Study Guide

The Obscure Object and Jerome in Middlesex

By Jeffrey Eugenides

The Obscure Object and Jerome

An R-Rated Version of Charlie Brown's Little Red-Haired Girl 

Cal can only refer to the Obscure Object with literary and pop culture references at first. He describes her freckled skin by quoting Gerard Manley Hopkins: "Glory be to God for dappled things" (3.6.26), and he gets the nickname the Obscure Object from a film. Meanwhile, the Object herself is as far from literary and lyrical as you can get. Her first line of dialog is a belch followed by the catchphrase Bart Simpson has made famous, "Ay, carumba!" (3.6.27)… Stay classy, girl.

Calliope and the Object become friends during a school play, and they become more than friends during a fateful vacation they take to the Object's summer home. Like most first loves, the Object serves as a defining moment in Cal's life, for both good and bad. Sure, she helps Calliope explore her budding sexuality, but she does it in such a cold, detached manner that it lends a veil of shame to the act. Maybe it's not such a bad thing that this relationship ends badly.

Calliope doesn't just explore her budding sexuality with the Object, though—she also pokes around with the Object's brother, Jerome (the Stephanideses are always keeping it in the family, it seems). Both the Object and Jerome are similar: they share a body type, skin color, hair color (except Jerome dyes his hair black), and even personality traits. The fact that Calliope lusts after the Object proves that she is more attracted to females than males—when she has her brief sexual encounter with Jerome, all she can do is think about the Object nearby.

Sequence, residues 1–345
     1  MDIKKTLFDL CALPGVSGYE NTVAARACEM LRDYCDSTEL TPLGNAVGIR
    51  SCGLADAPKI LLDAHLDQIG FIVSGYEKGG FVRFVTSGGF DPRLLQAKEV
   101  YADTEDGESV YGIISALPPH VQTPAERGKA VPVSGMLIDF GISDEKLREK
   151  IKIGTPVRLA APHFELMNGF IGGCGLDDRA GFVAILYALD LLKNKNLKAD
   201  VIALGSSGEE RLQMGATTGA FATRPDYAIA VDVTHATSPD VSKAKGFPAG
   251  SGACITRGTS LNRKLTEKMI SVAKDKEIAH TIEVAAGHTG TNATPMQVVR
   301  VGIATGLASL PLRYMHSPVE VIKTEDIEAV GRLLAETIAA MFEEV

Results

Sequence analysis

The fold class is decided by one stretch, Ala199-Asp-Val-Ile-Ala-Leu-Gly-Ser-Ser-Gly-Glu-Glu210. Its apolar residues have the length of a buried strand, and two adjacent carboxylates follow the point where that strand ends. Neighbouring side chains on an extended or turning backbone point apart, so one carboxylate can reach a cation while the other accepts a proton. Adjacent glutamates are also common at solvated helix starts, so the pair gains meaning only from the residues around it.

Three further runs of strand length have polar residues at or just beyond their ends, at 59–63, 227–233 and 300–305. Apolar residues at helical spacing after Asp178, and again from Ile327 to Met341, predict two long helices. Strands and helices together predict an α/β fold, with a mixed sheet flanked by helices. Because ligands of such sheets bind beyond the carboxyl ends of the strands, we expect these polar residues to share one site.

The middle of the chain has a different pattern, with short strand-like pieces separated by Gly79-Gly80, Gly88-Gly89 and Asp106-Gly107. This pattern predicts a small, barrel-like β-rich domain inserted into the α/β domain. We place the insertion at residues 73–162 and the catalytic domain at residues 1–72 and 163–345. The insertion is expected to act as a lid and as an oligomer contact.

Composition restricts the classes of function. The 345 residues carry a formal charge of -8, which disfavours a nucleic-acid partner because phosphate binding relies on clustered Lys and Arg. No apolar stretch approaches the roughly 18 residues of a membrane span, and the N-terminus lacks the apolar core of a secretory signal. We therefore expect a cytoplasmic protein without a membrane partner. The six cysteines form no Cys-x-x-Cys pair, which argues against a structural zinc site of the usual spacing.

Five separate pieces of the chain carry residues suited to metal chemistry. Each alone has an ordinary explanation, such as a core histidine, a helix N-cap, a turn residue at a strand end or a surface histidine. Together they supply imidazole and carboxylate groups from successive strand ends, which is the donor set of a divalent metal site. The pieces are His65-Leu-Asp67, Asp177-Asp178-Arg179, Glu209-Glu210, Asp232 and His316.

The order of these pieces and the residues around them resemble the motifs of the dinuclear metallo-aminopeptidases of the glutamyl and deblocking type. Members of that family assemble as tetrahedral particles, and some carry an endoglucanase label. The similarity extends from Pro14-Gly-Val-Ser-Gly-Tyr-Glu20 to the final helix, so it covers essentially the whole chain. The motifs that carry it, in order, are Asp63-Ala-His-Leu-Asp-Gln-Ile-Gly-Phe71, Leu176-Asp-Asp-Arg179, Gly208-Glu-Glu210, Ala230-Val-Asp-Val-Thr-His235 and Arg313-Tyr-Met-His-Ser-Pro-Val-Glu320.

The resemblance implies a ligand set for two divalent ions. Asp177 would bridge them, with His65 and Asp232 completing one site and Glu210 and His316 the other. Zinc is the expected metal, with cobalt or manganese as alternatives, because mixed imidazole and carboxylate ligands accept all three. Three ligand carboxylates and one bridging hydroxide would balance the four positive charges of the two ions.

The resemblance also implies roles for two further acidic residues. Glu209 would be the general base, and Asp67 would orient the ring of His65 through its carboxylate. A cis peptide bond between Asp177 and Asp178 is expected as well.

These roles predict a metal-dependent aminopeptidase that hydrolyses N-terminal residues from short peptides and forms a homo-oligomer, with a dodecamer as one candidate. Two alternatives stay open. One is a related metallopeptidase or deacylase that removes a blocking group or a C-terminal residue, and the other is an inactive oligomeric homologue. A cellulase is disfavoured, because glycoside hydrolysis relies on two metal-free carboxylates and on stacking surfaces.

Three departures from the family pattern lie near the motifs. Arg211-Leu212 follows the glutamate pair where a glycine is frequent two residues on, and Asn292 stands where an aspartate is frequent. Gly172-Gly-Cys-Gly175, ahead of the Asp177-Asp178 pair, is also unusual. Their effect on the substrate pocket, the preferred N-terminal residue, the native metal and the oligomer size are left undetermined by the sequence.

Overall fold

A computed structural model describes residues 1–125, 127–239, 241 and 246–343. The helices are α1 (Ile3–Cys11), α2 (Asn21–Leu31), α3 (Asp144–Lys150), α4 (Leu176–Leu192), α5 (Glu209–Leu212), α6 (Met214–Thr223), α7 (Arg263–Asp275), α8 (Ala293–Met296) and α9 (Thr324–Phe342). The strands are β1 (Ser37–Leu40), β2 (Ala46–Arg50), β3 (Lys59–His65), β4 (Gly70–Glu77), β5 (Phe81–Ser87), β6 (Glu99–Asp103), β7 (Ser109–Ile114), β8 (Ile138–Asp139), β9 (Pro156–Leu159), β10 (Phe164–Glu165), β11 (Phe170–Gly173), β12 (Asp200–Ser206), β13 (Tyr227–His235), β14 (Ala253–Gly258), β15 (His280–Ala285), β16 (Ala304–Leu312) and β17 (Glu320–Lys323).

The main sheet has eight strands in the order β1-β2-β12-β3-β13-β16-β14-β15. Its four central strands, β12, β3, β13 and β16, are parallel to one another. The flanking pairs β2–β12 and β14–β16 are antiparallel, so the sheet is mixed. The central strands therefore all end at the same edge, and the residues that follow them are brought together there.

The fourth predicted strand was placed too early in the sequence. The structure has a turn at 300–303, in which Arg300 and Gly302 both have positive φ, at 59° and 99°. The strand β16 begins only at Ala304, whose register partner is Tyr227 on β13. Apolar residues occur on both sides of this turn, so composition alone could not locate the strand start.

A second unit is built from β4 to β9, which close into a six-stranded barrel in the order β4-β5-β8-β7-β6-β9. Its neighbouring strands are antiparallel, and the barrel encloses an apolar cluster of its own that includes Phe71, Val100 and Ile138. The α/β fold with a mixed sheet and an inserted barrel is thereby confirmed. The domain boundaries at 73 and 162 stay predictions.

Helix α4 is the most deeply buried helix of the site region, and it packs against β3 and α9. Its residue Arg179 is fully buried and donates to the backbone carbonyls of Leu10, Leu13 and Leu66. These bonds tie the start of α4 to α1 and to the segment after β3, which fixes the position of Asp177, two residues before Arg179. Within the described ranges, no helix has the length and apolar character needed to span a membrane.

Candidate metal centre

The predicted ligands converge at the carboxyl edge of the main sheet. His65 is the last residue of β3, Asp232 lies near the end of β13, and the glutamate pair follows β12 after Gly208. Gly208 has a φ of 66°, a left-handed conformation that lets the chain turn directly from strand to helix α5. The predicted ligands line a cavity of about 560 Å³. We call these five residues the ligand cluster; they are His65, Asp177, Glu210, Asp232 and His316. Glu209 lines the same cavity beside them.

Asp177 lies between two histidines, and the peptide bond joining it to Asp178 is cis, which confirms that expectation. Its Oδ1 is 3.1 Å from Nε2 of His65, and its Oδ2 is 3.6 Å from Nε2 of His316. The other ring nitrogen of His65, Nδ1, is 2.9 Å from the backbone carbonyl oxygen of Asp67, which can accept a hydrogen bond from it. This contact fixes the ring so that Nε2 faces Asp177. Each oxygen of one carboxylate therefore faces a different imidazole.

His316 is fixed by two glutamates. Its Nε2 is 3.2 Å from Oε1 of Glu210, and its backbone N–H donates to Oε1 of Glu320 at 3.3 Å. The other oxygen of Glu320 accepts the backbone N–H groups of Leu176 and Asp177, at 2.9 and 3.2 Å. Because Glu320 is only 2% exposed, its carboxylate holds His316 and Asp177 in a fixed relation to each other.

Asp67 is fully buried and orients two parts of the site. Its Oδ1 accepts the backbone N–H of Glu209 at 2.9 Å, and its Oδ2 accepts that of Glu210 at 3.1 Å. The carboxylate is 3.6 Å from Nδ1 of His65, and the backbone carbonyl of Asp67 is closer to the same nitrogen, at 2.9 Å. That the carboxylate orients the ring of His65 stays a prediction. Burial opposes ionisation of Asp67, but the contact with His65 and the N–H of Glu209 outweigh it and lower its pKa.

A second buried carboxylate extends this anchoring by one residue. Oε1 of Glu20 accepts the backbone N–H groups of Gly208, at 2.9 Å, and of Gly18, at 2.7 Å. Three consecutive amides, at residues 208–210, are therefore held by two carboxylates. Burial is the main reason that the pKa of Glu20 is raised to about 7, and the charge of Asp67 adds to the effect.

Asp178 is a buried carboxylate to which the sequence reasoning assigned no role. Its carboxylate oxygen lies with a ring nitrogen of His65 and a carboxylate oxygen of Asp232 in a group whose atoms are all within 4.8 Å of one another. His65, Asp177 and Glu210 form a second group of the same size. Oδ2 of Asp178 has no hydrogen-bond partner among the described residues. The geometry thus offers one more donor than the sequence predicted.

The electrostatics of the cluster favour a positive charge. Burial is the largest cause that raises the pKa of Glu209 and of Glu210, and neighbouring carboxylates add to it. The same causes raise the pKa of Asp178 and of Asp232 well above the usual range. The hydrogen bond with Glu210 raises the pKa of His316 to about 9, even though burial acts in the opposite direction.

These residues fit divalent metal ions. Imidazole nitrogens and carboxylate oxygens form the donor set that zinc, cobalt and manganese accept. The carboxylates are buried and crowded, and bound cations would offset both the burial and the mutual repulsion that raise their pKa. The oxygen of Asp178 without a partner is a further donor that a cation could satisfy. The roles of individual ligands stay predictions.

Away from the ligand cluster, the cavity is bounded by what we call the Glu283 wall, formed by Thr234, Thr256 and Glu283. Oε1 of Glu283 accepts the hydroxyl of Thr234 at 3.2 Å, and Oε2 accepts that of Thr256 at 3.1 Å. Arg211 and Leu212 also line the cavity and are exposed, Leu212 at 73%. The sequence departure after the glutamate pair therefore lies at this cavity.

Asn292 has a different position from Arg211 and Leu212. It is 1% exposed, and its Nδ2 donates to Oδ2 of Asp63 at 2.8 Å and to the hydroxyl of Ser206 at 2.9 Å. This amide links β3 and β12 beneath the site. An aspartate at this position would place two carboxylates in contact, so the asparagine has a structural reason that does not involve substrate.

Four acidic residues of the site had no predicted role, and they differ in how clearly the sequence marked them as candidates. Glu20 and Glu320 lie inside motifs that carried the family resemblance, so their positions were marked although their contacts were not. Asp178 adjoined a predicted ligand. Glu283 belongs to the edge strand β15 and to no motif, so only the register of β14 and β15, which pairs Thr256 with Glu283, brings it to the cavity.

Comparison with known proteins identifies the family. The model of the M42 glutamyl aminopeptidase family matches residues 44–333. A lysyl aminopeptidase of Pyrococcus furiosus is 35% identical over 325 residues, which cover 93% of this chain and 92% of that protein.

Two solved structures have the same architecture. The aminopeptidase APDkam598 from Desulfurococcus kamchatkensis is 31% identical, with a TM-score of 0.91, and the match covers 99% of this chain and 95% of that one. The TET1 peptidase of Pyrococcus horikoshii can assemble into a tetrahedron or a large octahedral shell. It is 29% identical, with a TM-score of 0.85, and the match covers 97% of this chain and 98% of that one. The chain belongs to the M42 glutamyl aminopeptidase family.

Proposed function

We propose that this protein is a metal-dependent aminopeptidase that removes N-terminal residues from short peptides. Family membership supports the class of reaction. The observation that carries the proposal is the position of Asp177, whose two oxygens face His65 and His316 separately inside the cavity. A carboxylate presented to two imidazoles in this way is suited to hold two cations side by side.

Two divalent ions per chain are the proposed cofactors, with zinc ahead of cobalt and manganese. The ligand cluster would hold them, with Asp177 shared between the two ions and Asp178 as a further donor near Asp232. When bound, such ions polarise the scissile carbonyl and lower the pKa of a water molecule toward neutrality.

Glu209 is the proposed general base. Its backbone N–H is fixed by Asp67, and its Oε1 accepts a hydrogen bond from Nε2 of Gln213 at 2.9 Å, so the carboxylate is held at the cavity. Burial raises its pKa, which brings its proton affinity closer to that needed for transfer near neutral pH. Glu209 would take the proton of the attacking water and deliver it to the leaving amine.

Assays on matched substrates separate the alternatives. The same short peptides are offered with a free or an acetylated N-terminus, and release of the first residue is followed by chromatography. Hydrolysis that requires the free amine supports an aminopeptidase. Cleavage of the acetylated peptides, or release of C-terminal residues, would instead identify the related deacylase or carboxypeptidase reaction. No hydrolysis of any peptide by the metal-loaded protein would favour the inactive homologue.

While Calliope is regretfully getting it on with Jerome, the Object is making out with Rex Reese. She swears that she kept it PG-13, but we're not so sure. Maybe she just doesn't want to hurt Calliope's feelings. After all, she seems awfully jealous when she accuses Cal of being "a total slut" (3.9.8). Eventually they make up, but their relationship isn't ever the same.

We have a hard time telling if the love between Calliope and the Object is a one- or two-way street. Cal recalls, "It was never my turn with Object" (3.8.125), and he has a good point. While they're experimenting sexually, the Object pretends to be asleep the whole time, but she also does reciprocate. What do you think the Object would say if asked to articulate her feelings for Calliope?